Finishing with the palace, we went to Ginger hotel where we were going to stay tonight.
Late eveing, we again went out for a stroll. It was the time just before the Ganeshotsav. Baroda seemed all ready to welcome its favourite deity. Some Ganesh idols were already on their way to the pandals. Everything around was lit up and everyone around looked so very cheerful!
We then visited a few malls in Baroda and then headed for dinner at the famous Kansaar hotel near Baroda station for Gujarati thali. Not to mention, we stuffed ourselves beyond the limits, came back to hotel and crashed in the bed.
We started from our hotel around 7 AM to go towards Champaner. The roads were empty as expected and without any traffic we exited from Baroda on the Baroda- Halol state highway.
The highway is so smooth and clear of any obstructions that we reached Champaner village (approx 40 km from Baroda) within 40 minutes.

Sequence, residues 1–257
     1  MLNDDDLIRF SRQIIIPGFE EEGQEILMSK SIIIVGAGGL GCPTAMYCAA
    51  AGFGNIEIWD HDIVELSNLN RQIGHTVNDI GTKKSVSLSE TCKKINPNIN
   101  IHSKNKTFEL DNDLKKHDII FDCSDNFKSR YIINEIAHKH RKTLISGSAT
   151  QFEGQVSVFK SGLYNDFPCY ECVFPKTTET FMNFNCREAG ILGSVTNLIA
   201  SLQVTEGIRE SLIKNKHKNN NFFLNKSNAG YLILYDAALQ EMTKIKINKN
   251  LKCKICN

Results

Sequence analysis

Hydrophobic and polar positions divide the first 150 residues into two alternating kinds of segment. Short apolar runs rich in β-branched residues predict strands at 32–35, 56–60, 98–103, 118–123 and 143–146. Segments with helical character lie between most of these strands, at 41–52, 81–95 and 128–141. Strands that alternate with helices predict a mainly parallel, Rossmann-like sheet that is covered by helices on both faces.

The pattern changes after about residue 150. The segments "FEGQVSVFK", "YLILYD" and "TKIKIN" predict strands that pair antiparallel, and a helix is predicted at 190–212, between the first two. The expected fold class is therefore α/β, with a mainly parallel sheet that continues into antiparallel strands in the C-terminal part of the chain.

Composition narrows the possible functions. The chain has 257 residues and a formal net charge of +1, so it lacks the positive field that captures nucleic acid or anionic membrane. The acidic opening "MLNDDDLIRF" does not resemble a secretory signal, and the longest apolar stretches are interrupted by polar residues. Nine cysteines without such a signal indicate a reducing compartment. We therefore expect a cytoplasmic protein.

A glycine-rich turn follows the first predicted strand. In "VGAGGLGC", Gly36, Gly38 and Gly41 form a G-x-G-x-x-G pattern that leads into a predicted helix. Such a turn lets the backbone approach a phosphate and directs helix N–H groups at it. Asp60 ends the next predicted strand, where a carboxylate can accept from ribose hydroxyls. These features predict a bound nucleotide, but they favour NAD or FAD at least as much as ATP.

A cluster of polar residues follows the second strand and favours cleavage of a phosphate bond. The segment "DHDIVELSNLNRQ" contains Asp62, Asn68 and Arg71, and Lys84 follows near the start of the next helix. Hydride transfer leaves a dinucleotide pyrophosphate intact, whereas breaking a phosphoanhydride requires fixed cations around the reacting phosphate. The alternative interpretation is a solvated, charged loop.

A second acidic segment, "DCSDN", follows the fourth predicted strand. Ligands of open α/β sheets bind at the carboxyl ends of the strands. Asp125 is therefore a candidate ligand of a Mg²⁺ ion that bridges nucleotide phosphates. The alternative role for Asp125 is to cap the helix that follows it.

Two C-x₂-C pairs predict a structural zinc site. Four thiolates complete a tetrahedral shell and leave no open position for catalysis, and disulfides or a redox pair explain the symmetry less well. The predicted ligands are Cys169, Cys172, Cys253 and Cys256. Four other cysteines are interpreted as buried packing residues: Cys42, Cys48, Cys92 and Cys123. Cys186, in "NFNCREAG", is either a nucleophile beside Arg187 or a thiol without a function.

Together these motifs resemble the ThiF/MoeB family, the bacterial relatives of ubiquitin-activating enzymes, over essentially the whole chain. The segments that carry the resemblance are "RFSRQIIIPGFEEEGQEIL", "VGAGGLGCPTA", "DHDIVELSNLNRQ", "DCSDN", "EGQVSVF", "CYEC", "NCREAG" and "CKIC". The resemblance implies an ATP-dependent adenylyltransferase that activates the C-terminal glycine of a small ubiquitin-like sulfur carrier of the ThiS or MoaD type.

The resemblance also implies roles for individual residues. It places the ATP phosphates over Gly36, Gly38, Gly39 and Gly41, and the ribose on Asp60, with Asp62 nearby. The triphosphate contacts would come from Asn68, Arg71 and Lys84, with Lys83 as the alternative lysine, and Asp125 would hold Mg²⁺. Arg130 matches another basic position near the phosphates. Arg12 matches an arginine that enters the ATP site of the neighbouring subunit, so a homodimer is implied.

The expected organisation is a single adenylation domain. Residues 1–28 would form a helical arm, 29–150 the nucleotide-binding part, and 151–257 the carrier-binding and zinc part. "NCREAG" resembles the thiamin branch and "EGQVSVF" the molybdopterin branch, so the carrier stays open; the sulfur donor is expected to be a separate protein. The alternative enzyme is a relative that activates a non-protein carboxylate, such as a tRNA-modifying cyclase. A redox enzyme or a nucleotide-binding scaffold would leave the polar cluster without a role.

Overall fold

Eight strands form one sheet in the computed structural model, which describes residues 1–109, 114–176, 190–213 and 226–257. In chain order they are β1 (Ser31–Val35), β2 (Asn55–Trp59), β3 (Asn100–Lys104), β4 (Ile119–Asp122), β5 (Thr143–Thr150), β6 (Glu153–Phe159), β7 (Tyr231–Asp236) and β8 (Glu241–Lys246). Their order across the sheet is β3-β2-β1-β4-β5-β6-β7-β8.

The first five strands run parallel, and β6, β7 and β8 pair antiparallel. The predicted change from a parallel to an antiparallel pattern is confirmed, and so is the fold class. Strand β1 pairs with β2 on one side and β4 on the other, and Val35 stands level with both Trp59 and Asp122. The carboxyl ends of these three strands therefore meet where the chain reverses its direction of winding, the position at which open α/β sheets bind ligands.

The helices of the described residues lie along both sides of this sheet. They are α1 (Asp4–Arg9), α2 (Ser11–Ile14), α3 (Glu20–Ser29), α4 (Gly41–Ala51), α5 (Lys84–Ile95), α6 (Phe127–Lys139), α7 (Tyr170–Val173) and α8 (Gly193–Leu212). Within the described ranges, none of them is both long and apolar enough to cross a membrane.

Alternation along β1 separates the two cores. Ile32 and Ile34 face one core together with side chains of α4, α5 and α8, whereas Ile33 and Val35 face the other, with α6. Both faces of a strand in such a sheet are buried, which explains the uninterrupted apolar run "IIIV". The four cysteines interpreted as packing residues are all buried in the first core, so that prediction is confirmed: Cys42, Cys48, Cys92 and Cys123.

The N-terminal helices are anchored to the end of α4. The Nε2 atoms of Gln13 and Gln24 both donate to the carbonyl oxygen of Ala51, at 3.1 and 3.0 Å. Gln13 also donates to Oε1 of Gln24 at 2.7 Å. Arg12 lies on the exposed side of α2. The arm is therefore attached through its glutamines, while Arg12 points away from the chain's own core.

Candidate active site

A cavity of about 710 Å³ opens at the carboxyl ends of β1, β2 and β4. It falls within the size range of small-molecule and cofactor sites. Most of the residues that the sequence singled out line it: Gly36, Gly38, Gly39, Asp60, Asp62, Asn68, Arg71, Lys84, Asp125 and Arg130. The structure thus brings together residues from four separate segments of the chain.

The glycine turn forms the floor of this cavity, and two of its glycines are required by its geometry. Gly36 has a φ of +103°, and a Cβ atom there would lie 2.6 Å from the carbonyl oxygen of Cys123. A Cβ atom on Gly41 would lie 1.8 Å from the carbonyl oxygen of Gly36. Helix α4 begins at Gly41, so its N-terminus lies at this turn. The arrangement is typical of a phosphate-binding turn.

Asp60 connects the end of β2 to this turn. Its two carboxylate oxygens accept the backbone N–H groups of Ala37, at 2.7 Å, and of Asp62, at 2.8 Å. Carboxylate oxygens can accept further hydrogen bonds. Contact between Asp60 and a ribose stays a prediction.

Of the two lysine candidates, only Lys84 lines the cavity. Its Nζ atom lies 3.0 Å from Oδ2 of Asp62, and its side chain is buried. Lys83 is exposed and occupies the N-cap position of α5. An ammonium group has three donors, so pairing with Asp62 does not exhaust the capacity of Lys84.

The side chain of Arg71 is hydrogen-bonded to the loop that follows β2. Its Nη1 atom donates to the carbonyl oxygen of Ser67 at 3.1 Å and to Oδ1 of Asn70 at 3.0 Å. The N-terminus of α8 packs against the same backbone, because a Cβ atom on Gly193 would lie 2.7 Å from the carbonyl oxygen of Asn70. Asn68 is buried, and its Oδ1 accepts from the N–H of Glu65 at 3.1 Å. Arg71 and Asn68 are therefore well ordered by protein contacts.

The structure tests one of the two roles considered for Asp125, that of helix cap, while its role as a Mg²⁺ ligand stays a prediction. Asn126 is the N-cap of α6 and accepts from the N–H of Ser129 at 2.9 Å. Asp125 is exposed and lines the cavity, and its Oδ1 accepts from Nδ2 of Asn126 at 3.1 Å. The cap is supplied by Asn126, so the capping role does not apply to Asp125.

‘Champaner- Pavagadh archaeological park’ roughly consists of two parts viz. Pavagadh- which has ruins of fort of Hindu Raval kings and Champner- the earlier capital of Gujarat constructed by Mahmud Begada- the Muslim ruler of Gujarat. While Pavagadh mainly consists of Hindu and Jain temples, Champaner consists of Islamic buildings like mosques and tombs. Base of Pavagadh mountain is approx. 4km uphill from Champaner base village.
We decided to start our tour of the area by first paying a visit to the famous ‘Kalika Mata temple’ atop Pavagadh hill. This temple- which is considered to be one of the 51 shaktipeeths; attracts thousands of pilgrims every day. The road to Pavagadh cuts through the lush greenery of Jambughoda wildlife sanctuary which Champaner- Pavagadh are part of.